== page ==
Skip to main content

Wildlife Viewing in Lake Clark & Katmai National Parks

While many visitors come with the expectation of witnessing bears in their natural habitat, it would be remiss not to explore the diverse offerings of the Lake Clark and Katmai regions. Whether it’s watching a sea otter with her pups, spooking a flock of sandhill cranes or bald eagles, watching a moose and her calf or a pack of wolves surround them, no nature documentary will ever be able to replace the experience of seeing it in-person.

A caribou sitting on a hill top
Horned puffin on Lake Clark Alaska
Wolf Scavenging Katmai Alaska

Wildlife Photography for Beginners & experts

You might be equipped with the Sony A7iii, Nikon Z7, Canon DSLR, or a smartphone with remarkable video capabilities. Regardless of where you fit on the photography spectrum, the likelihood is high that at least one of your snapshots will find its place printed, framed and displayed in your home office or living room. 

For the typical national park visitor, the excitement of encountering wildlife often overshadows the breathtaking backdrops where these moments happen. Glaciers, volcanoes, sheer cliffs, towering mountains, and waterfalls plunging thousands of feet into the ocean provide the perfect stage for witnessing the 35 species of mammals inhabiting the region.

Birding the Alaskan Peninsula

Both Lake Clark and Katmai National Parks provide unique opportunities for bird watching and bird photography. While migratory birds add to the spectacle, the parks host a plethora of resident species. From ptarmigan in the uplands to horned puffins on the beaches, the diversity of life is obvious. In the same mile of river you can find a dozen bald eagles, while just upstream in the headwaters you can find a pair of harlequin ducks.  For those keen on checking off some new species off their list, be sure to  review the 180 bird species in our area.

Juvenile bald eagle in Katmai national park

Forest, Tundra and the Blueberries in Between.

On the eastern side of the Chigmit Mountains, rivers meander through forests of sitka and white spruce before descending through tundra-covered foothills. The western side of the park is mostly boreal forest with spruce and birch. In these areas, you can find some of the best wild blueberries in the state, and you can pick as many as you want. The prime season is between August and early September. While it may appear straightforward to some, the experience of handpicking your own wild Alaskan blueberries and eating them alongside one of our renowned desserts is not just an extra delight, but even more so, an essential gift you can bring back to your family and friends.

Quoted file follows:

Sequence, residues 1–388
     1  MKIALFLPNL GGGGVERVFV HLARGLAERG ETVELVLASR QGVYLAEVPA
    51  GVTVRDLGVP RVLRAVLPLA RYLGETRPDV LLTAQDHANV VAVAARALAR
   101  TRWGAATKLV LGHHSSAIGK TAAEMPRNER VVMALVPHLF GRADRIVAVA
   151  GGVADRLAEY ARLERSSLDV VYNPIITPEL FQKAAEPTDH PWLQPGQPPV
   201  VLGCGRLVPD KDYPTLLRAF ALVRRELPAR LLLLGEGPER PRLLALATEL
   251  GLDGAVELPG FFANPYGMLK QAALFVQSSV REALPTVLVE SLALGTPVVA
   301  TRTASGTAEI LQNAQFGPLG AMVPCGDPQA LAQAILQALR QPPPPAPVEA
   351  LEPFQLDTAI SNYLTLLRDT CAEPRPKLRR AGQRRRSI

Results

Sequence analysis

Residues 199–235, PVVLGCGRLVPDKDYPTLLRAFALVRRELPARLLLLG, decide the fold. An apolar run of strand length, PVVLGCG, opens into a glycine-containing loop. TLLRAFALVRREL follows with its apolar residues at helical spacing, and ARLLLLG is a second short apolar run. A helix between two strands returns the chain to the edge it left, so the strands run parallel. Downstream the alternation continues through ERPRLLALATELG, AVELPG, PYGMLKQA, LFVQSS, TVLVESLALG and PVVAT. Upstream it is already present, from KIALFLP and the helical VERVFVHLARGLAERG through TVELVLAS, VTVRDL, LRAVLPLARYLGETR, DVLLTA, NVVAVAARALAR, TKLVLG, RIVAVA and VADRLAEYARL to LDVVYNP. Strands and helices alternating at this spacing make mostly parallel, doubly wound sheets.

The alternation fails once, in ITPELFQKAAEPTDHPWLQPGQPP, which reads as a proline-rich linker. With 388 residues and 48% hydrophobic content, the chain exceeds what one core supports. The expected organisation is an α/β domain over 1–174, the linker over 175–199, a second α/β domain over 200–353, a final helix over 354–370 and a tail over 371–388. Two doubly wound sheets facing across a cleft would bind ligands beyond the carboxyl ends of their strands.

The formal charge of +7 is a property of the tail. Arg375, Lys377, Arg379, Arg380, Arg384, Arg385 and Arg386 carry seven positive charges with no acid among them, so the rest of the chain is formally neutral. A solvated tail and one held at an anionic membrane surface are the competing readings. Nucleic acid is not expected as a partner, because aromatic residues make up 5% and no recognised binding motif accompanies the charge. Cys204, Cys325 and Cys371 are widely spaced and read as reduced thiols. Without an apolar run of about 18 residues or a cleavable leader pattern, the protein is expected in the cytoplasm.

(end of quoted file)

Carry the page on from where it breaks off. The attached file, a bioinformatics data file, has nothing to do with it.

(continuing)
Lake Clark National Park Tundra
Marine Wildlife

Near shore, harbor seals, sea otters and beluga whales prey on the 5 species of pacific salmon. The coastline we cover expands over 500 miles. It’s been shaped by thousands of years of glaciation and it’s defined by fjords and U-shaped valleys. Coastal hikes place you at the bottom of these landscapes while providing you opportunities to see humpback whales, and all of the other amazing species that frequently show themselves near shore. On occasion, these wild mammals will die due to natural causes and when they wash up on the beach, you sometimes get a close look. But it attracts more than your attention, when it happens, wolves and bears will spend weeks, and sometimes months filling up their bellies.

Famous Wildlife Photographers

Lake Clark and Katmai have inspired some of the most renowned wildlife photographers in the world. Names like Thomas Mangelsen, Art Wolfe, and Paul Nicklen have all found inspiration in southwest Alaska. Their work not only showcases the grandeur of wildlife but also emphasizes the importance of conservation. 

Thomas Mangelesen’s photography, often featuring bears in their natural habitats, convey a deep appreciation for the wilderness. Art Wolfe’s mastery lies in capturing the intricate patterns of wildlife and their surroundings. Paul Nicklen’s underwater photography, though not exclusive to Alaska, underscores the interconnectedness of marine life and the fragility of their ecosystems. If you are looking for some inspiration check out our Instagram or Facebook accounts, and give them a follow.

Your Trip

Amidst the array of opportunities our lodge provides, wildlife encounters are almost a guarantee. Whether your goal is to capture the funniest animal photo you’ve ever seen or aspiring to become the next nature photographer of the year, your trip will provide ample chances to see wild animals in the heart of Alaska's most famous wilderness.

Male Caribou running in Lake Clark National Park
Spawning sockeye salmon
Alaskan Brown Bear Spread Eagle

Lodge Accommodations

Lake Clark Lodge a classic North American Lodge with a hallmark “great room”, fireplace and large windows. The lodge is surrounded by a large deck for guests to look out on the lake and mountain setting surrounding Keyes Point.

Getting to Lake Clark

Lake Clark is a 1 hour flight from Anchorage, Homer or Kenai. Most visitors fly into the park headquarters in Port Alsworth. Visitors at Lake Clark Lodge will be flown directly to and from their designated location to our private landing strip on Keyes Point. You won't have to worry about coordinating your flight. We provide air taxi service to and from Anchorage or your designated airport. 

Local Weather

The weather in Lake Clark National Park can be quite dynamic. Around summer solstice, the sun sets approximately at 11:30 PM and rises again around 4:30 AM, providing just over 5 hours of daylight. The brevity in daylight hours contributes to swift seasonal changes, influencing the weather accordingly. In general the temperature ranges from the mid 40's to the upper 60's through our 4 month season. To ensure you are well-prepared for a variety of weather conditions that may arise, we recommend consulting our Trip Checklist